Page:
In the data, there's also an interesting bulge in Architecture Analysis and Code Review in the middle "adolescent" bucket. It seems that after identifying the problem with Penetration Testing in the early years, initiatives begin to attack the problem with technical activities.
Practices in older organizations are more evenly balanced than young initiatives or adolescent initiatives. (Recall from BSIMM2 statistics that Age and Maturity do correlate.) This result reflects a preference for a well-rounded approach in older initiatives.
When we look at spending data through the Maturity lens, we see the following:
Figure 3 (Click to enlarge)
Once again, effort in Penetration Testing decreases dramatically as maturity scores rise, this time as the initiative BSIMM score grows. So it's not just older organizations that put away their Pen Testing toys, but also initiatives that have better software security initiatives as measured by the BSIMM.
Perhaps the most interesting observation here is that Code Review sees a major increase in the middle maturity bucket. This may reflect the effectiveness of the sales teams from static analysis vendors as much as it does the effectiveness of code review itself. Once again, though, we see firms in adolescent stage grasping for technological solutions to the software security problem.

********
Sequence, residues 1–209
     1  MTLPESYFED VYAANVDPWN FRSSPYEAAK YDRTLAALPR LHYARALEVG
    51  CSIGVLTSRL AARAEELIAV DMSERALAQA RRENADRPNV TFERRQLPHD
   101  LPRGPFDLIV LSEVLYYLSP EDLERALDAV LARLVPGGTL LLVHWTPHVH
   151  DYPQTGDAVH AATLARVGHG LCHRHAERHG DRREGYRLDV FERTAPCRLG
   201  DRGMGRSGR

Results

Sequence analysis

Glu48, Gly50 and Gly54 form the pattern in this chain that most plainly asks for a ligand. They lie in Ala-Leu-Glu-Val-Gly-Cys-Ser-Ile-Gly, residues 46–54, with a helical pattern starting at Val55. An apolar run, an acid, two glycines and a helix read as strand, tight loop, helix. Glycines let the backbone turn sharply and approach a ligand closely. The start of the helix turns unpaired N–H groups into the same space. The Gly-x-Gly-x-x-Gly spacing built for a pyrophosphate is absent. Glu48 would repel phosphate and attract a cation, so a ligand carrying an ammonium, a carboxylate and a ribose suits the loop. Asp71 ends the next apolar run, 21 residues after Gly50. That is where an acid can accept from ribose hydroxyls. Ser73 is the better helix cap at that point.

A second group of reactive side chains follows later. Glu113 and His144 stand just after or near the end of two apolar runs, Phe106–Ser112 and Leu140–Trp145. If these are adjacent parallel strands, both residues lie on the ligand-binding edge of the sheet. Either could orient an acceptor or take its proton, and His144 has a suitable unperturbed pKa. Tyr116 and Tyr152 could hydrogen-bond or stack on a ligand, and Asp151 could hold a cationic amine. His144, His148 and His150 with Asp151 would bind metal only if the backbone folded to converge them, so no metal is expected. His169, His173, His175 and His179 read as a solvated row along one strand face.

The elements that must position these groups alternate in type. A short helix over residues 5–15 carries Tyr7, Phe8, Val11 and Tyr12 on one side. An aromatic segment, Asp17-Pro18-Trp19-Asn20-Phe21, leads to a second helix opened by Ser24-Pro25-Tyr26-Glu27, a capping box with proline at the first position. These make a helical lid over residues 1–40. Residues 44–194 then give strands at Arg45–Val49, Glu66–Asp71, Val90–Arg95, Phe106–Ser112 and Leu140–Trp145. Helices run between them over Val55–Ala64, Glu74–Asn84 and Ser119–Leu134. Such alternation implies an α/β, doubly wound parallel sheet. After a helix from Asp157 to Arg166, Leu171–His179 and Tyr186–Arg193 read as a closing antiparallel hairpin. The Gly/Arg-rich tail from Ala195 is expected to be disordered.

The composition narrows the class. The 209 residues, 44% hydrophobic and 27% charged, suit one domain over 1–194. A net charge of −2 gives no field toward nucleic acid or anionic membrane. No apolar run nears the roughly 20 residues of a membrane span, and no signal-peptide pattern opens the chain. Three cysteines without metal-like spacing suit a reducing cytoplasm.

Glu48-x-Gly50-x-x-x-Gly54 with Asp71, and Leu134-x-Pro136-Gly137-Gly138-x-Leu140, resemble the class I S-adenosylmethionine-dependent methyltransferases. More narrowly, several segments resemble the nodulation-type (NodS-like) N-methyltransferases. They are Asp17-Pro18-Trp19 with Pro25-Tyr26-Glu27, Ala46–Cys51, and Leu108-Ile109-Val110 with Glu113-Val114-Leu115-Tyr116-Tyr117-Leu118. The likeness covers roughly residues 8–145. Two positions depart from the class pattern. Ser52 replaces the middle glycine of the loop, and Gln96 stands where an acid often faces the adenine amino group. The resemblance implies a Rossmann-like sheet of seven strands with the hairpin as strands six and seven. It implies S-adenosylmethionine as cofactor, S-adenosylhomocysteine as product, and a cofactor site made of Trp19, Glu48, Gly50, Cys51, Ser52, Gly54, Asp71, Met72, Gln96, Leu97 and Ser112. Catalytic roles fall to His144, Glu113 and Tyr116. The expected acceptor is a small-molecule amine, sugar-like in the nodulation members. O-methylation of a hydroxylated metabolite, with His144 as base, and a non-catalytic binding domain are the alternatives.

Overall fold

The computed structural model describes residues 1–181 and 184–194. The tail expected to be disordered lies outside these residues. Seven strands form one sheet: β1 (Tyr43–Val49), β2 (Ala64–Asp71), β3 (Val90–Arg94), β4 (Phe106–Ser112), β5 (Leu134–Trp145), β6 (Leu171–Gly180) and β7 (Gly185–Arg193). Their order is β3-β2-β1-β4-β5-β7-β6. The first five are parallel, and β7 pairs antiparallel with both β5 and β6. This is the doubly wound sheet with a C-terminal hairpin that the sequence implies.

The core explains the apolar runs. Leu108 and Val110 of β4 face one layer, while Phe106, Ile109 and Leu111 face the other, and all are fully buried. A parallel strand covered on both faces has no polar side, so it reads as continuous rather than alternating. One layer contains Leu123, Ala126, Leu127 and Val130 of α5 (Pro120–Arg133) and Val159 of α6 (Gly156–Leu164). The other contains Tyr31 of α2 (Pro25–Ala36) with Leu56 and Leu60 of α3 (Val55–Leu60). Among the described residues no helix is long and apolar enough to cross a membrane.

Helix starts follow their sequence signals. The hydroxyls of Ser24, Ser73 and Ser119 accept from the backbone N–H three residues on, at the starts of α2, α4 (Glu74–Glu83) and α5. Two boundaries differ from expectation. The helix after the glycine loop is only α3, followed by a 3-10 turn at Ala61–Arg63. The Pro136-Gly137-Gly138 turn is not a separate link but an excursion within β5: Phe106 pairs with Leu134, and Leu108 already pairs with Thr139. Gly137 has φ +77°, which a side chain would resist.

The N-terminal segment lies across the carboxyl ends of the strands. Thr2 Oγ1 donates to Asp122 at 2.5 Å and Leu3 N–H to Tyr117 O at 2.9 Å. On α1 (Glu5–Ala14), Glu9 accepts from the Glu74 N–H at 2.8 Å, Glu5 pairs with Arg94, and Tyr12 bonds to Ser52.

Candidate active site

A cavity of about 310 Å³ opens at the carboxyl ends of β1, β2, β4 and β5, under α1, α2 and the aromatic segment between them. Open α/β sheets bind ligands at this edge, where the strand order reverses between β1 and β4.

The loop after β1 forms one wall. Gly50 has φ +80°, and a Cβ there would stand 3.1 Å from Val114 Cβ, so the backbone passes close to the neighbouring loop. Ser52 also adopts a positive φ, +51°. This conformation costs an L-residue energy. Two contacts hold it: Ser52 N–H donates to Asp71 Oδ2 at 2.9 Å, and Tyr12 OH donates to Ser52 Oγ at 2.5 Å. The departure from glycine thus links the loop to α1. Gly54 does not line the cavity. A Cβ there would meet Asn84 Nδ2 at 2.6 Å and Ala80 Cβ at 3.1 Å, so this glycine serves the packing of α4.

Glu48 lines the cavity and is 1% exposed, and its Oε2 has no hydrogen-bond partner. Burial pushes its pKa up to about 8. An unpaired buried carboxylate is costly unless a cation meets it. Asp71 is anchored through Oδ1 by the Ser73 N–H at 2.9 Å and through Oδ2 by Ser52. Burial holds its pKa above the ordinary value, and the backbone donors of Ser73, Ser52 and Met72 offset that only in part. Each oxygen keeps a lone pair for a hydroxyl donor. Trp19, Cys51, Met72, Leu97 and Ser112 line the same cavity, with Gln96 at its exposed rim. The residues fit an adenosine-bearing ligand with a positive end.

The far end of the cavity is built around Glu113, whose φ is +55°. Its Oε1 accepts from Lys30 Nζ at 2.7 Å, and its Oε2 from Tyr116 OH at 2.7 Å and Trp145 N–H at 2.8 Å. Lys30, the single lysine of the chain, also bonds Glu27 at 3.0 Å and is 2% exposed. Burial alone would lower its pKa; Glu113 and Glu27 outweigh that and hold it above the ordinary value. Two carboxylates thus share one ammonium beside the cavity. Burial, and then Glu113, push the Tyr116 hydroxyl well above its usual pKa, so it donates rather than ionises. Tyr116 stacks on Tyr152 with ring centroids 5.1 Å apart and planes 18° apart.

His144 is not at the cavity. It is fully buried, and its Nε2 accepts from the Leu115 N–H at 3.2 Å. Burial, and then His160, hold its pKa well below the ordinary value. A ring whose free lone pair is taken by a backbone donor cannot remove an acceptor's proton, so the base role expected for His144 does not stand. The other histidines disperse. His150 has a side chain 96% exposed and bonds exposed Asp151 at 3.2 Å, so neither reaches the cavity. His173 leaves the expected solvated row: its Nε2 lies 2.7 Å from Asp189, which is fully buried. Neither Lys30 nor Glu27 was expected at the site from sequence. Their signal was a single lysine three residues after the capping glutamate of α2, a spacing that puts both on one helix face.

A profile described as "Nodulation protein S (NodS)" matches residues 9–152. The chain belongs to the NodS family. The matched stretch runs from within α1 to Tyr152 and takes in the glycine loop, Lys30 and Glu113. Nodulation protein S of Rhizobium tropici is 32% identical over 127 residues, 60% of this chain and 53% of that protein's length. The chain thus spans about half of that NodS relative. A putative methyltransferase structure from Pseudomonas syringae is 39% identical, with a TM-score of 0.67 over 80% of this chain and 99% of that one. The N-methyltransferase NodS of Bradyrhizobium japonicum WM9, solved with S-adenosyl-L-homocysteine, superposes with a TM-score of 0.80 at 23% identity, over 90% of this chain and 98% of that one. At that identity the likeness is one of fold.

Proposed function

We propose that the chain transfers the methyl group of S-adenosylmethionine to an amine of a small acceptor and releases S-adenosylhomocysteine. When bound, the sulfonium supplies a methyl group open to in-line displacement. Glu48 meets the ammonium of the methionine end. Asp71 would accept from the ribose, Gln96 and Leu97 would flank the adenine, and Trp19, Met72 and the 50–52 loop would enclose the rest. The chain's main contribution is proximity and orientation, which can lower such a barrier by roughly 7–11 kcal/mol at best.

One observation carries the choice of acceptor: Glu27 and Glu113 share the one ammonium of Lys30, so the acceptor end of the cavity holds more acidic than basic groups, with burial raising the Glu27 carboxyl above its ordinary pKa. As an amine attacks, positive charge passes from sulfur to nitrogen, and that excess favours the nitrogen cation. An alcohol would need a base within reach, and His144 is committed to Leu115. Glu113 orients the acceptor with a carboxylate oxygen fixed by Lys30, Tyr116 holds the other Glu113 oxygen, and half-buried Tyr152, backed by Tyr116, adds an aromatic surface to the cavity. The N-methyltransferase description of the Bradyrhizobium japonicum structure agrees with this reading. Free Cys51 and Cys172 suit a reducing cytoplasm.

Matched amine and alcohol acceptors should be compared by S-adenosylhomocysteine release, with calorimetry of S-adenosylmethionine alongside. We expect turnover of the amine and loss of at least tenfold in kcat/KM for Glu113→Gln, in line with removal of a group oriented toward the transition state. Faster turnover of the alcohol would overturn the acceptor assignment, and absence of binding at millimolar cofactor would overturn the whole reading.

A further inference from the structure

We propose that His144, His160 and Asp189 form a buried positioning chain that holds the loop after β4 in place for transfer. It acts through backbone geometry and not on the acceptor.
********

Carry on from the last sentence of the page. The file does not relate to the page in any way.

Effort in Attack Models and in Security Testing increases fairly rapidly as initiatives mature. Practices in firms with higher BSIMM scores are more evenly balanced, or as we have come to call them in the BSIMM Community, "well rounded."
Finally, if we look at our spend data through the Dev Team Size lens (which we use as a proxy for firm size), we see the following:
Figure 4 (Click to enlarge)
Here we see a decrease in Penetration Testing reliance as firm size grows. There is also an increase in Strategy and Metrics as the number of developers increases. In general, size of firm does not seem to yield data as interesting as the other two lenses. This result suggests that development team size has little to do with selection of the "practice mix" for a software security initiative, which reinforces claims that there is no development organization too small to have a need of explicit software security activity.